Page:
I was at a fantastic concert last night in San Francisco for the Idan Raichel Project:
I think this was my 4th time seeing him in the Bay Area, and this was by far his best show.
So those blurry photos taken by yours truly were apparently against the rules. At seemingly random intervals throughout the night, a security person would ask one of the 50% of concert goers to please stop taking photos w/ their phones (they never asked me). It was very disrupting and everyone seemed confused. All this was happening while the front row attendees were taking live video and Idan Raichel himself would sometimes grab their phones and take the footage himself to the delight of everyone.
I don’t remember ever seeing it this aggressive at previous concerts. I recall in Oakland a couple of summers ago someone was shooting video footage non-stop and got asked to stop.
So what’s going on ? Is taking a bunch of blurry photos and low quality quick video really a threat ? Isn’t it exactly the definition of personal use and not for rebroadcast or resell ?
In a world of Spotify and YouTube, the music and often the music video is readily available. What exactly is the harm of capturing a few moments to share with your friends and family ? For me, it’s mostly a moment to capture to remember years later.
I do get the argument that someone holding up their phone for 2 hours is a distraction to the other concert goers – so I think some common sense rules would be good. Like only take photos at the beginning or end of a song, and step into the aisle to take a longer video clip.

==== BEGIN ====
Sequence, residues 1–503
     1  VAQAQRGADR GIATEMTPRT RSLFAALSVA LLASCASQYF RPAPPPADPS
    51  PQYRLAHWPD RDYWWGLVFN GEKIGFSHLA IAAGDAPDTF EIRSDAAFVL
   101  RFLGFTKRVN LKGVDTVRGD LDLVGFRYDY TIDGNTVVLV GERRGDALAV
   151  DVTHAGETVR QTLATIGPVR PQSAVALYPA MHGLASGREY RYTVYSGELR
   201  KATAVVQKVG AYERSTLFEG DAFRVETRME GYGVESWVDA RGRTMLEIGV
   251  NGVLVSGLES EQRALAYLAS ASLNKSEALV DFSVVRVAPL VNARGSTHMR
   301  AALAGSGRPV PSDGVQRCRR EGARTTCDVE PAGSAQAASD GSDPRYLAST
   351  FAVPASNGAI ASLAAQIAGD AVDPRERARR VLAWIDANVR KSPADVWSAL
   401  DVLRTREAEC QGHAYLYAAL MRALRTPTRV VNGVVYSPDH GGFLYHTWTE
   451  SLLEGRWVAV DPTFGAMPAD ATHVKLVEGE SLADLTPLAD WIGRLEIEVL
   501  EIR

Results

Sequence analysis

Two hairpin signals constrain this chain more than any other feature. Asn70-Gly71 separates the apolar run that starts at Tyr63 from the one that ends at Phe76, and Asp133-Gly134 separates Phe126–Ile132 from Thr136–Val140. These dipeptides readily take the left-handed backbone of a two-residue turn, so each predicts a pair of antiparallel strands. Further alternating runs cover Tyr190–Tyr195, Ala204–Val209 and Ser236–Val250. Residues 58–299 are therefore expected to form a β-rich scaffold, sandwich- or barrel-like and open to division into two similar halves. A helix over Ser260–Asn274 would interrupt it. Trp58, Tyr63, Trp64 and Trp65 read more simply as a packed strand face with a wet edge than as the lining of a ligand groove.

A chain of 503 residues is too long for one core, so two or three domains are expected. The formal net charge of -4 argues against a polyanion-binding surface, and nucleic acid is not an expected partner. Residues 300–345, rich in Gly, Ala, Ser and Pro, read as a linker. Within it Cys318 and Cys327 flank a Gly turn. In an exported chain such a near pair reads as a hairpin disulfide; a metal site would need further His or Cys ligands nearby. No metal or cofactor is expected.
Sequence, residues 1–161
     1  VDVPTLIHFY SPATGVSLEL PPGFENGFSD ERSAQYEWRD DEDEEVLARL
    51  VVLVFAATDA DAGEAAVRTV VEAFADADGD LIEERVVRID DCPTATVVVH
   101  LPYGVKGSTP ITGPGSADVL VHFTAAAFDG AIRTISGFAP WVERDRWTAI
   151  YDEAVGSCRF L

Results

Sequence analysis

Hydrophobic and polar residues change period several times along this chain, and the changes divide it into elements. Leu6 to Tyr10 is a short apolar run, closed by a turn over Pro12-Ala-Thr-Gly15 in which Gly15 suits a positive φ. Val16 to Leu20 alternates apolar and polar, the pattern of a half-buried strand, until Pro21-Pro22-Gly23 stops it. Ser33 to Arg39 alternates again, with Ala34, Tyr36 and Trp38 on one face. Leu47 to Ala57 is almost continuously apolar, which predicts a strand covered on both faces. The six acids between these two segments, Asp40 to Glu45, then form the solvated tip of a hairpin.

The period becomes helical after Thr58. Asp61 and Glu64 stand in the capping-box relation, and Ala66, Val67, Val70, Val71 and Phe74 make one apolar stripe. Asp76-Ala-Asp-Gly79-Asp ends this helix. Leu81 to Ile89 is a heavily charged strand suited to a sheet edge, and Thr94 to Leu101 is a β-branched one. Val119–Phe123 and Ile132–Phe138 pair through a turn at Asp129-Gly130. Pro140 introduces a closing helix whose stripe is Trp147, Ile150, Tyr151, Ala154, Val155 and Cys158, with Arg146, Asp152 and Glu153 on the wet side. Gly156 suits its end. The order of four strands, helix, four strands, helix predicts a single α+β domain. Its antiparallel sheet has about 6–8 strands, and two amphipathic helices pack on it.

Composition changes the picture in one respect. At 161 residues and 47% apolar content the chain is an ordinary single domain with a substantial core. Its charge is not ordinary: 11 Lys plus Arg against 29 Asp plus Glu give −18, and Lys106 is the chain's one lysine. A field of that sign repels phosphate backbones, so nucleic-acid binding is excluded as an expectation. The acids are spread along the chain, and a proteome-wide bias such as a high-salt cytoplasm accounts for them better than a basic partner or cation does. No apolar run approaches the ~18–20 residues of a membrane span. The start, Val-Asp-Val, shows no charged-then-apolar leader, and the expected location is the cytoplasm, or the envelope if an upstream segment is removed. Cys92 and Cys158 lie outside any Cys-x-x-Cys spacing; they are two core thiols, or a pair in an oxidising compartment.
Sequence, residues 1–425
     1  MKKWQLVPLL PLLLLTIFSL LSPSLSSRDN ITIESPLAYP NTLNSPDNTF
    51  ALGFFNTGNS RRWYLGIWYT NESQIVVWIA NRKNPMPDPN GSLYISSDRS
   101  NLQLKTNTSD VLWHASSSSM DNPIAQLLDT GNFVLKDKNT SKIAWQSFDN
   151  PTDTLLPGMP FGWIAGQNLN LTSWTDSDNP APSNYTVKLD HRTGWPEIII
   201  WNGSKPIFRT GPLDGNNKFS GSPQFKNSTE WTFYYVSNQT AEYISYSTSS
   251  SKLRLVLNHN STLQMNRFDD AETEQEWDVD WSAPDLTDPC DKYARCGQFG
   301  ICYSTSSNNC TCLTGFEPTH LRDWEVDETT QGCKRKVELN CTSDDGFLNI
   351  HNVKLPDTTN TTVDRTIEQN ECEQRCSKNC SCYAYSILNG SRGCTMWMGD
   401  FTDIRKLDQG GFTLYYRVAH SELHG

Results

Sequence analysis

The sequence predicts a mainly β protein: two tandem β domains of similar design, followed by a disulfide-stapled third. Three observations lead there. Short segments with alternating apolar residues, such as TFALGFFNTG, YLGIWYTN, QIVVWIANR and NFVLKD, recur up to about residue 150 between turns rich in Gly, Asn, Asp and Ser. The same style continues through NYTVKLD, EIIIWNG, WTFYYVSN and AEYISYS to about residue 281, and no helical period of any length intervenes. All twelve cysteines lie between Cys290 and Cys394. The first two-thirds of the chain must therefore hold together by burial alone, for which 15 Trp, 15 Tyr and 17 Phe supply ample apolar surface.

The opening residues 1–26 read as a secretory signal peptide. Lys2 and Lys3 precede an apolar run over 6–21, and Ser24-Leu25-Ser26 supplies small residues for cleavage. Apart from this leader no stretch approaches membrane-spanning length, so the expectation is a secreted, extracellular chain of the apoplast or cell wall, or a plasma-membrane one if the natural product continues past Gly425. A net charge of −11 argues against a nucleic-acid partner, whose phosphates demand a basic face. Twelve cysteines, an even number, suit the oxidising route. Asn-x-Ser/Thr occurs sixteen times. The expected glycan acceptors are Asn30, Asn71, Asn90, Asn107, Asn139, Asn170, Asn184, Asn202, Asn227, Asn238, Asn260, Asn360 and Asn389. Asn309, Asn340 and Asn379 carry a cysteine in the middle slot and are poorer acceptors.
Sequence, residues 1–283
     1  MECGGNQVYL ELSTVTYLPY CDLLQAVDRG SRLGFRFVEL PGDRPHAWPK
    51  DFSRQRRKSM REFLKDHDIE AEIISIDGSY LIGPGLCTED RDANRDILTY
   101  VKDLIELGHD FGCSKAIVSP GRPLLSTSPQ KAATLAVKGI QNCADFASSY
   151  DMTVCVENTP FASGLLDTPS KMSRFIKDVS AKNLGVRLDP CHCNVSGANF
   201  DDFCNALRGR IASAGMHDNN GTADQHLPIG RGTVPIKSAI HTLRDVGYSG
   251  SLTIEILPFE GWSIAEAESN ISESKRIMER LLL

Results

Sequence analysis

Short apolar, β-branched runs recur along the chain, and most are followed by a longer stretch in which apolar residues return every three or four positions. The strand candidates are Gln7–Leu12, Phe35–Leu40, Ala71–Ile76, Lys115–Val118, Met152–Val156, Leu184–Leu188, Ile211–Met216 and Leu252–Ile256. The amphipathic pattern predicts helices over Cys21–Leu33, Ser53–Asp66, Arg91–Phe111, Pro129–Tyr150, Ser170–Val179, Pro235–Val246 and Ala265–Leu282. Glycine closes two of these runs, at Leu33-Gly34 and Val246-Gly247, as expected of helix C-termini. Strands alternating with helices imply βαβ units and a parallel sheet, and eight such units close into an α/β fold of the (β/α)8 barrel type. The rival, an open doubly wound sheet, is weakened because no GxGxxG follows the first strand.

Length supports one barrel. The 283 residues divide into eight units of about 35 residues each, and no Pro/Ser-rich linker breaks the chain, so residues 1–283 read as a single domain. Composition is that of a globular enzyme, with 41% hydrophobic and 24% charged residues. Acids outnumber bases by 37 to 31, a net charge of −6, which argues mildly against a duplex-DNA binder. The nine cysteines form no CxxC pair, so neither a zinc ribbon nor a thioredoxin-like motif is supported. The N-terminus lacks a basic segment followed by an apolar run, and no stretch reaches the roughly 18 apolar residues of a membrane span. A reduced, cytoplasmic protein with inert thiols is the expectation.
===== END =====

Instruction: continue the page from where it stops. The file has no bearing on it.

But I’d go even further. Why don’t live concerts have a professional photographer walking around who can take great shots for sale later. And why not offer a live audio or video recording of the concert ?
After the concert all I saw for sale were CDs (!) and t-shirts. What if they had for sale a USB with raw HD video of the show plus high quality MP3s and online access too ? I would be tempted to drop $40-$60 for that.
3 thoughts on “Put Your Phone Away: The Live Concert Hypocrisy”
I have the same sentiments. This also happens in watching classical music concerts—in our country (Philippines). We could not even make any audio recording of the performance. If it’s your sister playing the violin with the rest of the orchestra, you don’t have the right to record their music.
I find this very unfair. Like what you said, we’re not even allowed to share it with some close family and friends who didn’t get the opportunity to watch the concert.
Because of this, of course we’d want to have a copy of the music and photos of the orchestra playing, but these are not available. Like you said, “Why don’t live concerts have a professional photographer walking around who can take great shots for sale later. And why not offer a live audio or video recording of the concert ?”
I guess they don’t know what preservation and sharing means. 😦
Selling USB’s with the “live” concert just heard is a fantastic idea. I think there would be a huge market for such a personalized record of the concert.
I thought Concert was a Public show?